Asking why

When an unexpected event changes life in dramatic and negative ways, human beings cast about for information that helps them make sense of what has gone wrong.

After the Boston Marathon bombing on Monday, many details were available relatively quickly. The public learned that pressure cookers could be turned into bombs using readily available materials and instructions from the Internet, that no terrorist organization had claimed responsibility for the attack, and that the presence of photographers and surveillance cameras would benefit the investigation. By the end of the week, Americans knew who was responsible.

When terrorists strike, though, the question people feel most urgently is also the one that has no satisfying answer: Why?

Why would two young men who appeared to have reaped many benefits from their admission into the United States do something like that?

Why didn’t anyone pick up on what they were planning, or if someone did, why was no one sufficiently concerned to make a phone call? Why were all their relatives and acquaintances so clueless or loyal? That’s a question asked about every young person who turns violent: the Columbine shooters, the Sandy Hook shooter, the Aurora theater gunman, the young man who shot Gabby Giffords, the Virginia Tech shooter, the gunman at the Wisconsin Sikh temple, the man who shot 10 girls at an Amish school in Pennsylvania, the men who killed a Cortez police officer and disappeared into the canyon country — the list is long, and it’s populated by young (and some not-so-young) men about whom someone surely worried but no one tried to stop.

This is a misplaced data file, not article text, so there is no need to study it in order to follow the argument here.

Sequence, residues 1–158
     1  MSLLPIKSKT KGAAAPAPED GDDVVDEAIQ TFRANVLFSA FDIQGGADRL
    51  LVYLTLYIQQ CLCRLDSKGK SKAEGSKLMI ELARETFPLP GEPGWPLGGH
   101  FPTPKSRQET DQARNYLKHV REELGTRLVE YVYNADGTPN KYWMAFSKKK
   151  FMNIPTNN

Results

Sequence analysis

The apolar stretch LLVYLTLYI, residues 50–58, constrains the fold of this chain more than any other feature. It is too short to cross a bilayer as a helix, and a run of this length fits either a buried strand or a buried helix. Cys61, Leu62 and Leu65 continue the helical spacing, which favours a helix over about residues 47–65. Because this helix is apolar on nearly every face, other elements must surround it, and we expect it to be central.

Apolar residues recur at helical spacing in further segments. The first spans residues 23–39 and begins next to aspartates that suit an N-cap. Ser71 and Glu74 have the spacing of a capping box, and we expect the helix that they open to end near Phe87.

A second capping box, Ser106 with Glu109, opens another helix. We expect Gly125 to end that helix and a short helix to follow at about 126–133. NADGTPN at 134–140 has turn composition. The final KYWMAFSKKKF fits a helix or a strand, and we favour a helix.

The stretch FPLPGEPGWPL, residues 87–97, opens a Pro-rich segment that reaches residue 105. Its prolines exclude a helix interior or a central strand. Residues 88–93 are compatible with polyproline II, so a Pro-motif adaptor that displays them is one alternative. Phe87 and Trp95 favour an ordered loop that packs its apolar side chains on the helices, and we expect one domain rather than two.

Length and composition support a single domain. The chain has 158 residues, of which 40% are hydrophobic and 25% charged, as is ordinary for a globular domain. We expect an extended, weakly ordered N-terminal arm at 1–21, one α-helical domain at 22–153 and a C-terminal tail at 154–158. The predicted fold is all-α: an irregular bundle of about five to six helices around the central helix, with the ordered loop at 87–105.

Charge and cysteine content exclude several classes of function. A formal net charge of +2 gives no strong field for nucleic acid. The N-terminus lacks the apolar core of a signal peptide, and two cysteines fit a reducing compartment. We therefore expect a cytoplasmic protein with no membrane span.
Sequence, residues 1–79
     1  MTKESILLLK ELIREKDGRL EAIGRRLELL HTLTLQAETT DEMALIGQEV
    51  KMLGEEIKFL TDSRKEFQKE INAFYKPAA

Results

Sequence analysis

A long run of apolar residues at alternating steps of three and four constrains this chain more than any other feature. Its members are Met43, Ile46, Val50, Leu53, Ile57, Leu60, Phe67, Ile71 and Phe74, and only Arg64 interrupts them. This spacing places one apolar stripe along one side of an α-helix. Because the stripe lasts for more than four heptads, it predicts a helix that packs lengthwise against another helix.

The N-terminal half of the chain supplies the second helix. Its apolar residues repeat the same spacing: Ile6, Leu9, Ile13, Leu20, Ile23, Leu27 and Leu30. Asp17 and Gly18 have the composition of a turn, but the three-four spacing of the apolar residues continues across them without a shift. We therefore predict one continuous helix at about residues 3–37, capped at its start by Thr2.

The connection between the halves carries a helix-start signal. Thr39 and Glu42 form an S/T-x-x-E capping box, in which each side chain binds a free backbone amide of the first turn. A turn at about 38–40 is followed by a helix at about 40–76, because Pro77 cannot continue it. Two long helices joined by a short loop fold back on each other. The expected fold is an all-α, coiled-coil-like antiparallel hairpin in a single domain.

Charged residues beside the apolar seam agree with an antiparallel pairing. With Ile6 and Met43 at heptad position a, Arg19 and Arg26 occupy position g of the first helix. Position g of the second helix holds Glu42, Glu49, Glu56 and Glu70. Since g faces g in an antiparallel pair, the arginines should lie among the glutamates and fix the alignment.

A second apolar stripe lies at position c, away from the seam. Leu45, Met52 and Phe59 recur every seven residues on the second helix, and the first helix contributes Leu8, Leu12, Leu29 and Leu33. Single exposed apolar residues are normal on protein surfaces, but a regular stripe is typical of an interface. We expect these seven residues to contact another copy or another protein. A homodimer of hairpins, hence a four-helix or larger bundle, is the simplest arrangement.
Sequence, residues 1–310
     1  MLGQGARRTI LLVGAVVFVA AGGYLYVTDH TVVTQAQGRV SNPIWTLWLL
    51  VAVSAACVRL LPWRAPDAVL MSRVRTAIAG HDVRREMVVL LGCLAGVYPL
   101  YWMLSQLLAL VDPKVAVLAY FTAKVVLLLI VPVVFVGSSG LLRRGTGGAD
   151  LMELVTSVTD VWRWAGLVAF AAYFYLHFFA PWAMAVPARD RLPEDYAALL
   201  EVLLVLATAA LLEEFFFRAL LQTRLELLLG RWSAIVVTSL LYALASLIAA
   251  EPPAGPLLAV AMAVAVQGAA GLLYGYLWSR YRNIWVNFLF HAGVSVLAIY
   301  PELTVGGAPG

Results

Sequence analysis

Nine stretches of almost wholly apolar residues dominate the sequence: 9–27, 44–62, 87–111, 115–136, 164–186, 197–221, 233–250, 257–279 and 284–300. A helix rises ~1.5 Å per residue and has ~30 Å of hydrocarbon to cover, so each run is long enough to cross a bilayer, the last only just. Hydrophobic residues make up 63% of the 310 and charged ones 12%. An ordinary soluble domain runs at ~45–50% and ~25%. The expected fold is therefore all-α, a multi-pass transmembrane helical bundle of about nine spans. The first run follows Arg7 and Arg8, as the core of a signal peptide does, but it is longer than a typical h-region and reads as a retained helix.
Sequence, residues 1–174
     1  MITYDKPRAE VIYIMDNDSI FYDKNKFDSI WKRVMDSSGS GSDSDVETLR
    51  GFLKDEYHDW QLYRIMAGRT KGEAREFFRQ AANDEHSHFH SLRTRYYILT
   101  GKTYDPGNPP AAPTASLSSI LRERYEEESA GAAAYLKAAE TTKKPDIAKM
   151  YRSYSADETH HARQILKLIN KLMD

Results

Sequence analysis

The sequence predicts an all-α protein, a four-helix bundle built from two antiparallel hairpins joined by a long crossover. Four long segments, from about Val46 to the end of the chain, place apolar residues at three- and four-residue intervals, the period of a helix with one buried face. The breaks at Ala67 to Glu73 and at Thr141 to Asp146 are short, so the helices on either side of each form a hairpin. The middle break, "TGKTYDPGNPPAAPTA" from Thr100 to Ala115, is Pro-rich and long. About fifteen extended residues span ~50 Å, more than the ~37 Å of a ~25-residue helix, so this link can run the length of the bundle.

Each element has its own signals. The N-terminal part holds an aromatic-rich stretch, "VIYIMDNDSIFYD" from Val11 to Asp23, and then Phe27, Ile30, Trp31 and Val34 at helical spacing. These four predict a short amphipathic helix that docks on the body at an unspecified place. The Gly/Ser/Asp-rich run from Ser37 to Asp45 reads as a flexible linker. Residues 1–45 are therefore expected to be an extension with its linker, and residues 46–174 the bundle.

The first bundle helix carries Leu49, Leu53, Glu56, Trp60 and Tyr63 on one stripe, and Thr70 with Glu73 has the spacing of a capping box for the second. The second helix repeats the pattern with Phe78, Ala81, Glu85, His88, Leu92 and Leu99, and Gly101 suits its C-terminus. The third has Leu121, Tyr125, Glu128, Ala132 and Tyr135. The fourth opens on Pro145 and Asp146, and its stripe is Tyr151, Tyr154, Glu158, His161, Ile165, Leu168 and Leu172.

Why does the United States seem to have an epidemic of young men lashing out in this way?

It’s tempting to believe that if we can just understand how a problem came about, we can prevent it from happening again. In many instances, that’s true. Terrorism isn’t one of those instances.

Even if the surviving suspect is able to speak and willing, or coerced, to explain his thought processes in great detail, Americans aren’t going to say, “Oh! Well, that makes sense.”

No, Americans will be left with the very same questions they started out with: “How could you do this? What were you thinking?”

What terrorists and murderers think is anyone’s guess; even profilers have not been very successful at anticipating what they might do before they do it.

It seems, though, that even though their lives are very similar to those lived by millions of their American peers, they reach different conclusions from the same set of facts.

To a U.S. citizen, for example, there is no logical link between the Boston Marathon and Russian oppression of Chechnya or even alleged American war crimes against civilians in Afghanistan. Military policy and marathon runners are not related, and blowing the legs off of elite athletes will not bring about a change at either the Pentagon or the Kremlin. Murdering people will not advance the cause the bombers may have associated with Islam. The war dead will still be dead. No matter how eloquently Dzhokhar Tsarnaev explains what he thought he was accomplishing with his exploding pressure cooker, Americans are likely to respond, “Huh?”

Terrorists will always be among us, simply because, in their minds, terrorism “works.” The simplest, most honest answer, “I hate you because I feel powerless against you, and killing makes me feel powerful,” still isn’t going to provide closure, because we still won’t understand.

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